I often get requests for me to add links to my sites. Usually it is just someone looking for something simple that will deliver them some relevant traffic.
What I have found though is that one should ALWAYS verify that the link destination is okay. It should not be in a bad neighborhood. In addition, it should not link out to bad neighborhoods. These bad neighborhoods will get sites that link to them penalized in the search engines.  That’s right – the sites that you link to can get your site penalized. Not only that, but the sites THEY link to might get your site penalized.
The link below has a bad-neighborhood checker. It will scan a URL and determine if there are questionable links. Then it will scan the linked to pages to see if any of their links are questionable in nature. It’s a great little tool and I highly recommend using it.

Dec 26

Don’t try to beat the search engine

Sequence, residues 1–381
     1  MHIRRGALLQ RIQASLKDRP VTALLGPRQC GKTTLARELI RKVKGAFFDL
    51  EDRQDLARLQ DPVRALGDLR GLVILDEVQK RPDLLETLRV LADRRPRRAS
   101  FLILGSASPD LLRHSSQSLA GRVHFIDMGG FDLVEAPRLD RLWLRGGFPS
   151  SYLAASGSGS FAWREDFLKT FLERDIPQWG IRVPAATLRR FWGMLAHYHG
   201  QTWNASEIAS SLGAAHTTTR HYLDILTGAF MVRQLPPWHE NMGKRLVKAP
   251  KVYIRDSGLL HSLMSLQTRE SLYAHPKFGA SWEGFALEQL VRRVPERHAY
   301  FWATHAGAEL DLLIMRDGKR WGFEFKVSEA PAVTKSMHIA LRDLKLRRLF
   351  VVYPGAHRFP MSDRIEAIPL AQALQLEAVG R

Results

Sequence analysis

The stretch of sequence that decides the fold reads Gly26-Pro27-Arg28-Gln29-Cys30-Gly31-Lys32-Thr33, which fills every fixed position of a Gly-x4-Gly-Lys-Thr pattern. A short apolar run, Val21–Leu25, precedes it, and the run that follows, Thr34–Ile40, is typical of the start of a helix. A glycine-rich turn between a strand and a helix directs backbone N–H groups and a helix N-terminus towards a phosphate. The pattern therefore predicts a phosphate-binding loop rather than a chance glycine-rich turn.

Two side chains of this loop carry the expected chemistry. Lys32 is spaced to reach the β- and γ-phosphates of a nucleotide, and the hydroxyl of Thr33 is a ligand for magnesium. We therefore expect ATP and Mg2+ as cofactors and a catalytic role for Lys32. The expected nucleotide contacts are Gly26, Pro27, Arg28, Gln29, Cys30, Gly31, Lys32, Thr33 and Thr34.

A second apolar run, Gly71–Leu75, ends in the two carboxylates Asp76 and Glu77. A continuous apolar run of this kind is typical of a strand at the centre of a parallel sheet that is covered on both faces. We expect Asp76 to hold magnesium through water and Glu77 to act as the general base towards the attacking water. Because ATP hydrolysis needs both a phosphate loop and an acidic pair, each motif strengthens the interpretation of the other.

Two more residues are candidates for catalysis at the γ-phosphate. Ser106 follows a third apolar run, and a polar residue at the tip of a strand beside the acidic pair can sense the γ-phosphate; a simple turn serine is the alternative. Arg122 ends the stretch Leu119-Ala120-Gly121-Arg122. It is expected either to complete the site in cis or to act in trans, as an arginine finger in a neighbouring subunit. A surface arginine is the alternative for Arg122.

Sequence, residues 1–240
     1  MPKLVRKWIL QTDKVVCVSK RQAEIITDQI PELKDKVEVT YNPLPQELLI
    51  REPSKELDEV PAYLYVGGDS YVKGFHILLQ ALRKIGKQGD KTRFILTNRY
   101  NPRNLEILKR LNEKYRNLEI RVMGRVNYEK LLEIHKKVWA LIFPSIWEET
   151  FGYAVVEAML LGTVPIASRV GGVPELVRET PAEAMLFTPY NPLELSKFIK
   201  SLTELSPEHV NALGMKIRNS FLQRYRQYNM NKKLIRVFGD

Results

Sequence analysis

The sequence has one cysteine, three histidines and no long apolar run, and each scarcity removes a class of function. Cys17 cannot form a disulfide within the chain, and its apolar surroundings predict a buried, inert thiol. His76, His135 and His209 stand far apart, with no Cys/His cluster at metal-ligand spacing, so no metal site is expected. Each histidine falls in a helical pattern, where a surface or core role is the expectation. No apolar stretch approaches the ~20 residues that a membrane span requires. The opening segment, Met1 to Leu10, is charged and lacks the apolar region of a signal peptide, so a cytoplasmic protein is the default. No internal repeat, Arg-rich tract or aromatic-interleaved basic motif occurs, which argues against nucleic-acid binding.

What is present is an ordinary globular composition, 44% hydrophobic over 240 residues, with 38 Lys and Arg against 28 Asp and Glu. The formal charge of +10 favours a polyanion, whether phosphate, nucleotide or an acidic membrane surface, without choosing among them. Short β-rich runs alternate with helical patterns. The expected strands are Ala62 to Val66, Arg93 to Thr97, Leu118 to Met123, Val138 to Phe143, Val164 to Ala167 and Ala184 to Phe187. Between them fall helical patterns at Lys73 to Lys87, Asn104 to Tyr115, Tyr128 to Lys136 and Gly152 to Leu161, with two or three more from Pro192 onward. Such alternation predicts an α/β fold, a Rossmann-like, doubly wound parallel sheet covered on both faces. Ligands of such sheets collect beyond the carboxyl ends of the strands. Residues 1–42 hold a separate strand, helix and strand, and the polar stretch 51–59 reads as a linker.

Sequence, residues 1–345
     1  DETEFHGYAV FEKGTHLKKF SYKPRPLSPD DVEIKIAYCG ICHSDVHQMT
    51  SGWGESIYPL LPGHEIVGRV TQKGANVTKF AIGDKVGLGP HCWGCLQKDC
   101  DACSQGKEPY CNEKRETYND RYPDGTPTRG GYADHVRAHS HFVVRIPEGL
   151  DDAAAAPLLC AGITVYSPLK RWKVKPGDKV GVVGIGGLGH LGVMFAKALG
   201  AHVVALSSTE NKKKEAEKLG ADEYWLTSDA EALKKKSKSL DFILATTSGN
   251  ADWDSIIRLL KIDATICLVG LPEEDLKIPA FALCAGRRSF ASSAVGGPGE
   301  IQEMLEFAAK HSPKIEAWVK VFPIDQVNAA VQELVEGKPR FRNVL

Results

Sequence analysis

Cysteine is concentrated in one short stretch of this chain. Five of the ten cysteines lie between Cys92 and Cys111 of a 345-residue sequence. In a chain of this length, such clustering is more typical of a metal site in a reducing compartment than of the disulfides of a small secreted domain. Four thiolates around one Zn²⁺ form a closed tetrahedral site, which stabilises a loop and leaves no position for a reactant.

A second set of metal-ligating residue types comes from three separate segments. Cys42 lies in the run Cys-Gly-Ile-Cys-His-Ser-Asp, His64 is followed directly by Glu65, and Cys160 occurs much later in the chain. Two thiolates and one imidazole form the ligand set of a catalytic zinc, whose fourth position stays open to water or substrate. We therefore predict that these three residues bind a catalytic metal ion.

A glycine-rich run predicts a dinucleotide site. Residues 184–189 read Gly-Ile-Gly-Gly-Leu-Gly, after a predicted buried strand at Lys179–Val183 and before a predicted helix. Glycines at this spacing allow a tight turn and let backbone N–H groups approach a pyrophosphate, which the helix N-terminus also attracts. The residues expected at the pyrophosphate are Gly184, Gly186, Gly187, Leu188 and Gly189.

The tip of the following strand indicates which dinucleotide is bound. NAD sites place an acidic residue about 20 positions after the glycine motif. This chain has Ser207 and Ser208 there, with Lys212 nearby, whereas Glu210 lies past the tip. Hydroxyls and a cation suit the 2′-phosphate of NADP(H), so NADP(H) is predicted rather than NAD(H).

I just read the following article while I was trying to determine if static named pages are better for seo than those with parameters in the url. I’m always impressed with the things that are returned when I google something. It is often not entirely relevant to what I was looking for, but can be very interesting anyway.

If you get a chance and you are interested in SEO at all, you might give the following a read:

http://www.stonetemple.com/articles/top-10-bad-SEO-ideas.shtml

From the article:

===============

So what’s the bottom line? There are really two major things you need to do:

* Learn how to communicate to the search engine what your site is about. Many of the problems listed above relate to common practices that make the search engine’s job harder, or even impossible. Learning how to build your site so that the search engine can easily determine the unique value of your site is an outstanding idea.

* Don’t spend your time figuring out how to beat the search engine. It’s just not a good place to be. You may even succeed in the short term. But if you do succeed in tricking them in the short term, the day will come when you wake up in the morning and a significant piece of your business has disappeared overnight. Not a good feeling at all.

Take the same energy you would have invested in the tricks and invest it in great content for your site, and in the type of marketing programs you would have implemented if the search engines did not exist.

This is how you can grow your business for the long term.